Permissible emissions requirements are the maximum permitted levels that can be exhausted to the outside or returned back into the building. Emission levels indicate the quality of the air leaving the collector and can contain multiple quantities and types of contaminants — specifically, gases, vapors, and particulate.
The only reliable way to document emissions is with specialized equipment. Every credible air filtration expert will use a particulate monitor which provides concentration densities based on the mass of contaminant per volume of air. Project success can be quantified by taking before-and-after readings, while filter efficiency is verified by taking inlet and exhaust readings. Keep in mind, particulate monitors can be set up to measure overall concentration or readings based on particulate size. The particulate monitor can help determine if filter efficiency needs to be increased.
Another emissions component may be chemical or smell. In some cases, combinations of dust and fumes may be extracted. For instance, with welding, the fumes are so minor only the dust itself is considered. In other cases, the addition of scrubbers or activated carbon filters may be required to treat chemicals in the air.
Often, energy efficiency is the least examined aspect of dust collection; however, it has the most impact on the manufacturer. A properly designed system can decrease operating costs of the collection system by upwards of 85%.
Some collector manufacturers design systems that have unnecessarily high internal static pressures, poor cleaning controls, or inefficient fan designs. These systems may have large internal losses, often increasing collector energy usage by 60%. In addition, inexperienced application consultants may misapply products — duct that is too small, which generates increased pressure drop, or inefficient ambient systems that require additional flow and collectors. Understanding collector and system design is vital to creating an energy-efficient system.
One of the best ways to reduce energy cost is through “smart” operations. By implementing controls, custom cleaning algorithms can be created, which amplify the effectiveness of each cleaning cycle. Implementation of gated controls can direct air flow to just the operations that are running, redirecting it from operations that are idle. Control of motors is a critical component of the energy formula. By reducing the fan speed to only what is necessary, power consumption is reduced exponentially. Gated control, in combination with motor control, can significantly boost system efficiency. Gated controls can even resurrect an overburdened collector by adding extra capacity while reducing operating costs, making retrofit controls a viable option.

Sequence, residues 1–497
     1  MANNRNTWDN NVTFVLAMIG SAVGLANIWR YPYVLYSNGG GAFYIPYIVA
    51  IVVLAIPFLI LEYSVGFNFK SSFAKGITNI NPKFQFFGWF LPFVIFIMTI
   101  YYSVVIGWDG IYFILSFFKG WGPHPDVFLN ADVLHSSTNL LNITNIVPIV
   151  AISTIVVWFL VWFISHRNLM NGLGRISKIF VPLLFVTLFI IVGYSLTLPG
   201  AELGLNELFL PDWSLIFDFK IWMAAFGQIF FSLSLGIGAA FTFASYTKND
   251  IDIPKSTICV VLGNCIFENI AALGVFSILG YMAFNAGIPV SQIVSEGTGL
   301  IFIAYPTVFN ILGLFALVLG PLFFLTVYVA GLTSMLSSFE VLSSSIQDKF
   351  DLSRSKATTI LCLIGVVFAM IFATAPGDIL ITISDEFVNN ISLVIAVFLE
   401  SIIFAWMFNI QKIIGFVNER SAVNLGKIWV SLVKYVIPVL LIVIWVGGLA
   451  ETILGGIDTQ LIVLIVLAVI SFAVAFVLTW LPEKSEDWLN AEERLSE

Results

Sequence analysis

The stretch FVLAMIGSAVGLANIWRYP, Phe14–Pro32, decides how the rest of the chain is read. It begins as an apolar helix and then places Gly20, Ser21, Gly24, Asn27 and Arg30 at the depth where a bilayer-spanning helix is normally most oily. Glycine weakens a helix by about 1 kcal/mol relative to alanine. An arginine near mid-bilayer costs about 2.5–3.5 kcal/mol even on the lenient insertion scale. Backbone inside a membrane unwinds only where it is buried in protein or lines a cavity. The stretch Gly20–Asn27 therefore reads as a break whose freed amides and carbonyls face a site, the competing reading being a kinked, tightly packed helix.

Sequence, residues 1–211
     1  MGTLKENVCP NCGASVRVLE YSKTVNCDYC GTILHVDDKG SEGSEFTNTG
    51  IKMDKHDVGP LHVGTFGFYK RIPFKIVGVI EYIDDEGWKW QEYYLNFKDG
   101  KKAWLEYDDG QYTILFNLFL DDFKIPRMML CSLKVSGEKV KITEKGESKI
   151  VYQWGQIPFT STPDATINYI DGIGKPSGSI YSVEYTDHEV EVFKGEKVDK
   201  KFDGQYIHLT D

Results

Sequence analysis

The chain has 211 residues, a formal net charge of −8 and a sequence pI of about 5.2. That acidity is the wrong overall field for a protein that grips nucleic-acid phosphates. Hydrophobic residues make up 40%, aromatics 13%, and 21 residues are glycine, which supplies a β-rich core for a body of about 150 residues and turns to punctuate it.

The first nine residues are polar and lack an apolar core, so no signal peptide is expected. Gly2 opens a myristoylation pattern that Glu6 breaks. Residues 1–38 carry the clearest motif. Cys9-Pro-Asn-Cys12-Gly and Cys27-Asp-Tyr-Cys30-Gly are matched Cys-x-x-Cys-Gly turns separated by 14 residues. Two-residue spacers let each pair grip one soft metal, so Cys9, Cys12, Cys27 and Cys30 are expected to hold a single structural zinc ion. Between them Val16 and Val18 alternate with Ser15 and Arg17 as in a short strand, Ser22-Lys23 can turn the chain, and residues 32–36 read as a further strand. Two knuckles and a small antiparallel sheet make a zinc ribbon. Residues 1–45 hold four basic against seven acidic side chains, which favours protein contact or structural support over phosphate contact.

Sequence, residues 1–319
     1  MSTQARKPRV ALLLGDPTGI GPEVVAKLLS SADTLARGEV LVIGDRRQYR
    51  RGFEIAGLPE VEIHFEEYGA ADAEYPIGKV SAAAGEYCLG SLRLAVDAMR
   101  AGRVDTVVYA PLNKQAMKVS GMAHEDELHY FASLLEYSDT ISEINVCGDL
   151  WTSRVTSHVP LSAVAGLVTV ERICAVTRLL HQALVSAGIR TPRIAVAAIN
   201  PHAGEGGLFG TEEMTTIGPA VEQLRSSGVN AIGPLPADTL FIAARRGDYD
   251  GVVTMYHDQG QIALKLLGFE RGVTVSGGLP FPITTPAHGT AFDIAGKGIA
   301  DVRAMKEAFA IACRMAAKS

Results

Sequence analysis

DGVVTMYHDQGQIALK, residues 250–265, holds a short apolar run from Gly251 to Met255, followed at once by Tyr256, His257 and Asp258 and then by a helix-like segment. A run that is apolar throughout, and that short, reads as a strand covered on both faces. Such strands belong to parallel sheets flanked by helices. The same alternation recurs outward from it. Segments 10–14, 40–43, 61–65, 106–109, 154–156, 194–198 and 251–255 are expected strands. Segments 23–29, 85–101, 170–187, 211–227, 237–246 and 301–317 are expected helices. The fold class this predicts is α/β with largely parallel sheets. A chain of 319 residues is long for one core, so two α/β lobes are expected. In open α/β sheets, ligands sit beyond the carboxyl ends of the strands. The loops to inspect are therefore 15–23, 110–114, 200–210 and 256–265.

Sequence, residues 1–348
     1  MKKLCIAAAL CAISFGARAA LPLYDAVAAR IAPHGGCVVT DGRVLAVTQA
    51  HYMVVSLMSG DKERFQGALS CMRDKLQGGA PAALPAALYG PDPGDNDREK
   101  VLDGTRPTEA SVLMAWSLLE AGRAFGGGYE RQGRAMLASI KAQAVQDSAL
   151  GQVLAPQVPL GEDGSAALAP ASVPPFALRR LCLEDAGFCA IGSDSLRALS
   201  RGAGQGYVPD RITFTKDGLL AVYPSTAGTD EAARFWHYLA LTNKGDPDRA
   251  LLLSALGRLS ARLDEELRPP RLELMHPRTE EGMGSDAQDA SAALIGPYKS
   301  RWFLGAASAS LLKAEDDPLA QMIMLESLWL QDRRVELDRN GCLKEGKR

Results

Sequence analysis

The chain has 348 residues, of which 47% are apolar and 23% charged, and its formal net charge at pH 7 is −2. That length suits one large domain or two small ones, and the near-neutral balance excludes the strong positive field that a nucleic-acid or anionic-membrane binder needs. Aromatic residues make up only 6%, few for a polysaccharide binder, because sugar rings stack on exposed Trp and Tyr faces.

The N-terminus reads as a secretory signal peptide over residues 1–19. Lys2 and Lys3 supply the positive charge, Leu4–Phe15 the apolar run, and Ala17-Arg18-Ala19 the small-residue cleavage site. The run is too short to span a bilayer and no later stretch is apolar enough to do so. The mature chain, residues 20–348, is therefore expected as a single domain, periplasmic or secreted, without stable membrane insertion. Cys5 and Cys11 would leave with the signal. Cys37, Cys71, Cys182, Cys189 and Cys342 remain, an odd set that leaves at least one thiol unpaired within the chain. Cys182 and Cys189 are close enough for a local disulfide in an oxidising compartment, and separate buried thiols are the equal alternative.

The same concept can be applied to an ambient system. By monitoring demand, systems can automatically be turned on or off. Through sensor data, individual system performance can be evaluated and improved accordingly. Sending that information back to a central panel allows the ambient collectors to work in concert, making the whole greater than the sum of the parts. Advanced control algorithms are the foundation for top-of-the-line “smart” factory and cloud-based solutions which can consistently reduce costs through predictive planning and reporting. Advanced software allows a network of ambient collectors to function in a team gaining efficiency from one another.
All six of these factors are important when evaluating an air filtration solution in a manufacturing environment. And, fortunately for operations managers, each represents an opportunity to boost performance, lower costs, save money and create safer working conditions.
Zach Kieser is an engineering manager with IVEC Systems. He has more than 14 years of experience designing and implementing filtration systems and automation controls technology for the manufacturing industry. For more information, call 866-670-4832, email [email protected], or visit www.ivecsystems.com.
More articles that may interest you:
How Much Do You Know About NFPA 652?
What You Need to Know About the New Edition of NFPA 652
Extracting Combustible Dusts at the Source
How to Use Dust Explosion Test Data to Ensure Facility Safety
Explosion Containment: A Comparison